Posts Tagged ‘tutorial’

How to Take Quality Product Shots for an Online Store

There are many niches in photography, but one we don’t talk about often is taking product photos. Even though these types of shots don’t fall under the professional umbrella — we’re not talking professional product photography, just product shots for an online store — almost everyone at one time or another has had to sell something on eBay or (not for the faint of heart) Craigslist.

And so, we thought we’d share this short “how to” video that Jessica Marquez of Miniature Rhino put together for Etsy. It offers beginners a few basic tips that can help take your product shots (and hopefully sales) to the next level. Read more…

How to Avoid Ugly Newton Rings When Doing Nikon Glass Scanning

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The Nikon Coolscan 9000ED scanner is an excellent scanner. The included holders are of a very good standard and many extremely useful and high quality optional holders are available. None of them, however, are cheap.
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An Explanation of How Photoshop Blend Modes Actually Work

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Here’s something you might want to read and bookmark for future reference. Photographer Robert Thomas has written up an in-depth article explaining what the different Photoshop blending modes are and how they actually work:

Working with blend modes is almost always an experimental process. Because it’s nearly impossible to predict the results, you always seem to end up experimenting with different modes and Fill Opacities until you get the results you’re looking for.

In this article I’m going to give you a high-level view of what the various blend modes do, and then I’ll dig deeper into the nuts and bolts of the blend modes by explaining some of the math involved, and their interrelationships with each other. I’m not going to “show” you how the blend modes work—I’m going to “explain” how they work. By the time you finish reading this article, you should have a better idea of how to use blend modes and where to begin your “experimentation,” which in turn should reduce the time it takes to achieve the results you’re looking for.

Photoshop Blend Modes Explained [PhotoBlogStop via swissmiss]

How to Photograph Lightning, From Start to Finish

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Now that storm season for North America is either already here (or coming soon), I thought it would be a good time to write a tutorial on how to photograph lightning.

Lightning is a very elusive beast that many seem to struggle with, so read on, and by the end you will be able to hunt and capture it like a pro!
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How to Create and Photograph Gorgeous Refractographs

Refractographs are photographs of the beautiful patterns formed when light reflects and refracts through an object. Stunning as they look, you would think that there was a lot of post processing or digital manipulation involved, but there’s not, and in the above video, photographer Rob Turney gives you a step-by-step guide to taking them yourself. Read more…

Flect is a Simple DIY Device for Shooting Reflection-less Photos Through Glass

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Flect is a simple device I developed to take photos through glass without reflections or glare from the surrounding environment. Here’s a step-by-step tutorial on how to make one for yourself.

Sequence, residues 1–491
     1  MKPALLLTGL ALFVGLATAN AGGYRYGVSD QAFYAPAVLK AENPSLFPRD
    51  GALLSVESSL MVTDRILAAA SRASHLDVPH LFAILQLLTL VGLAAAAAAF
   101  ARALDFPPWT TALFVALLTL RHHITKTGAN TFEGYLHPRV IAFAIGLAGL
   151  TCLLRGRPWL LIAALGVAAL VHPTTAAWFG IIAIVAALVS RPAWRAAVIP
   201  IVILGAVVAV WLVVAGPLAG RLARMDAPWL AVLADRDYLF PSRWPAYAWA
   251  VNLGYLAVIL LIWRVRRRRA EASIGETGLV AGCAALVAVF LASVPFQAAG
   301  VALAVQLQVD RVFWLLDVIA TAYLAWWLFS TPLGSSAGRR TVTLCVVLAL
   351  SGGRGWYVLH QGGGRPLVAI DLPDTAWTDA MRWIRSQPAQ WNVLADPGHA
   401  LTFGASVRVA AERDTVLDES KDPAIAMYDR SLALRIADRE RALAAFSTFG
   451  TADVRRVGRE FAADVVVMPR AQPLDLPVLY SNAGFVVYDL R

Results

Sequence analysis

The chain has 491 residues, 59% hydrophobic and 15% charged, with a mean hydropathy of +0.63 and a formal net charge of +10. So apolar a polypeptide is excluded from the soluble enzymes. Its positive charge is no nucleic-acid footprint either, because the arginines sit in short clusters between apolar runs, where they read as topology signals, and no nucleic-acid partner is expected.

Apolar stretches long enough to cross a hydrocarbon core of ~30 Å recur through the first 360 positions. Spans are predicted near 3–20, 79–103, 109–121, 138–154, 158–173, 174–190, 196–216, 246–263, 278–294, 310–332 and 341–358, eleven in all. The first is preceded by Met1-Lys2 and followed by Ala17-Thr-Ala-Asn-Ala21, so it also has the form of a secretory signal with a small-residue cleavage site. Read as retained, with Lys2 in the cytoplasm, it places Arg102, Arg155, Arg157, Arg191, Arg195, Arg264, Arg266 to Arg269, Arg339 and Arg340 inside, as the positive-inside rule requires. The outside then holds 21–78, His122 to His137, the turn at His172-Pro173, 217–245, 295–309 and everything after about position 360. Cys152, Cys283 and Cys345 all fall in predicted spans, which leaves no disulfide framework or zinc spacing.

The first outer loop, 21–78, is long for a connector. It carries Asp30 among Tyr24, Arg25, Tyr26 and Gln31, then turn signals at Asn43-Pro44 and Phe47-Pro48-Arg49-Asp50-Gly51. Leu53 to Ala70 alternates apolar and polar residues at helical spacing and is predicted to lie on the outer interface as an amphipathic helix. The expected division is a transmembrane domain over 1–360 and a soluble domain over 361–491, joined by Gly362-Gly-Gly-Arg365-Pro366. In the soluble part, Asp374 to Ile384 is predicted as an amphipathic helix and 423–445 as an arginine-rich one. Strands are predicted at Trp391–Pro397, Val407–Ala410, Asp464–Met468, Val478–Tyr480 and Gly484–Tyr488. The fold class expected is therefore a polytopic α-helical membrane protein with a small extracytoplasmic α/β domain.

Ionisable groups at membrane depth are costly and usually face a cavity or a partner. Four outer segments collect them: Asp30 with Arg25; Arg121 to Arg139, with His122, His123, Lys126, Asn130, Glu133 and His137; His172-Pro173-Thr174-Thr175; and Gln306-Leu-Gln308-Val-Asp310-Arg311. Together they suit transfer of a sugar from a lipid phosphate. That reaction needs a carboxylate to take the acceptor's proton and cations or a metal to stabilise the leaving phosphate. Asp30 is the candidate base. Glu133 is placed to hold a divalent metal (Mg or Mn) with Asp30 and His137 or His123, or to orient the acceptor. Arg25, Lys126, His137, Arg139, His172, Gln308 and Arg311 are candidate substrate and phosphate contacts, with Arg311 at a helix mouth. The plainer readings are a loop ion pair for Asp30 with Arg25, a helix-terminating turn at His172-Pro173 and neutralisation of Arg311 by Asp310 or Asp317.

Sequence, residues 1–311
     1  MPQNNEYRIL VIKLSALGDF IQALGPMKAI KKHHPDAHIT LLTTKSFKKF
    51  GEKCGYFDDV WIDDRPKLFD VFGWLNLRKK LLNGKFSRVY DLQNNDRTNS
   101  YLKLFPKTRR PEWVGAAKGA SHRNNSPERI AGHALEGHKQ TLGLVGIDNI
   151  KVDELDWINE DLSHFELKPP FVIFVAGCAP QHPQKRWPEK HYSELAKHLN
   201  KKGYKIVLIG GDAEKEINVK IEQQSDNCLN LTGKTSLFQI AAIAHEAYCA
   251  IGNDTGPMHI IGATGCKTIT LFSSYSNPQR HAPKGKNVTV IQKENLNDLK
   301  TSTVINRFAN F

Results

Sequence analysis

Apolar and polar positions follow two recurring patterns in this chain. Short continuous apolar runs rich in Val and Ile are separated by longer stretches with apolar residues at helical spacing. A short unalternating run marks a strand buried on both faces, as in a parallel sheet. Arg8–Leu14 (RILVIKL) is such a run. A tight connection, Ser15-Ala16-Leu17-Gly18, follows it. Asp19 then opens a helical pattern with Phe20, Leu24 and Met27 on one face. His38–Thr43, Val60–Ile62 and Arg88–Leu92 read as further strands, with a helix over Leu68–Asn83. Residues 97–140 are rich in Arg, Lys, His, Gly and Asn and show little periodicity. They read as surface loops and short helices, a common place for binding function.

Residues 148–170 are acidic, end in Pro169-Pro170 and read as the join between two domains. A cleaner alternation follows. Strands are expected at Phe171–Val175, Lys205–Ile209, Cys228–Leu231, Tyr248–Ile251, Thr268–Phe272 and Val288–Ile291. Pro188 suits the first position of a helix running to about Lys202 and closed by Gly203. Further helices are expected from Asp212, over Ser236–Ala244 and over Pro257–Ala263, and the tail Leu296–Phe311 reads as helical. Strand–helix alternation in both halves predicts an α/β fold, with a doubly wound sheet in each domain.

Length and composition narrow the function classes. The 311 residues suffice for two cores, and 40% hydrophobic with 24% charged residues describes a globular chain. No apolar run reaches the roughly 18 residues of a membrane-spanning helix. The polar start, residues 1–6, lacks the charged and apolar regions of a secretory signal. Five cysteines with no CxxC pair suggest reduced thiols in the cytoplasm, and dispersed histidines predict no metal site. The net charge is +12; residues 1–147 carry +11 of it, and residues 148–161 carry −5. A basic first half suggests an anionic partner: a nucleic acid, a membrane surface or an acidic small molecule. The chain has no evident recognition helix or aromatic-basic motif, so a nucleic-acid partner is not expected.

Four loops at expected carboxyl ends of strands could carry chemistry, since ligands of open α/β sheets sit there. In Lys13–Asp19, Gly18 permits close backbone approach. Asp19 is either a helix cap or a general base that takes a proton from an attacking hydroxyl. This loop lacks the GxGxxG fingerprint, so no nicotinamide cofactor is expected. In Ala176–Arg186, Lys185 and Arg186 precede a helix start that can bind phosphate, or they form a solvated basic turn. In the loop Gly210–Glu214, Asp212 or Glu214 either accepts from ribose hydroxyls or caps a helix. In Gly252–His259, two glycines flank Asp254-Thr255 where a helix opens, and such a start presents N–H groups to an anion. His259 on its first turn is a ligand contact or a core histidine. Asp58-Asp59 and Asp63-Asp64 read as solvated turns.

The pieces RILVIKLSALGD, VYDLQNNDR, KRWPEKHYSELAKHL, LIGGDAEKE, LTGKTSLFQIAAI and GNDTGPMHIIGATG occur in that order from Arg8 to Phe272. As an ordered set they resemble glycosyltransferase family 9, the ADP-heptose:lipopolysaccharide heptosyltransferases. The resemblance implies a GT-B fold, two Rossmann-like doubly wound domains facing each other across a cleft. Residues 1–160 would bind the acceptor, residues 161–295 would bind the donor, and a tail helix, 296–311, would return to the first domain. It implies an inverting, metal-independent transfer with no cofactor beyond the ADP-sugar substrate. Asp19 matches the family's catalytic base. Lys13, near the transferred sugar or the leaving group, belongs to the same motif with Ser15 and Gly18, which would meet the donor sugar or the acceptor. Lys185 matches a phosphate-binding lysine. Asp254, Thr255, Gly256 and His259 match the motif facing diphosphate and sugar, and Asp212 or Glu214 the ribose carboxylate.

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How to Back Up Your Pictures Using an Android Tablet and External Hard Drives

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In this post, I will share some of my techniques and experiences of backing up photos using a tablet while traveling.

Like most other landscape/nature/travel photographers, when I am on a multi-day or multi-week photo tour, I face the problem of backing up my photos from the memory cards. A laptop computer is a nature choice for most people. With a laptop, we can copy files between the memory cards, laptop disk drive, and external disks. We can even do some light editing.
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Digitizing Your Film Using Your DSLR

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With the cost of my local neg scanner in London being £40/hour for a Hasselblad Flextight, I have been digitising using a DSLR for a quite a while. The results can be extremely good as long as a little time is put into the setup to begin with.
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Add a Lens Code to Your Leica Lens with Black and White Paint

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Newer Leica lenses have a special lens code on the mount flange of each lens that informs the camera of what’s mounted on it, and allows lens-related EXIF data to be embedded inside photographs. If you have an older Leica lens or a third-party lens on your hands, you might not have this special code, but did you know that you can apply the code manually to a code-less lens using black and white paint?

La Vida Leica! has published a tutorial showing how simple the process is: it only takes around $15 and 15 minutes to do.
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Shooting High-Resolution Macro Photos of Snowflakes

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Winter can be a dull season for macro photographers. Many of the usual subjects are desolate, lifeless or invisible. However, there is one subject that’s often in abundance outdoors (depending on where you live): snowflakes. There have been many strategies for photographing these ice crystals over the past century, but the simple stage of an old mitten is ideal.
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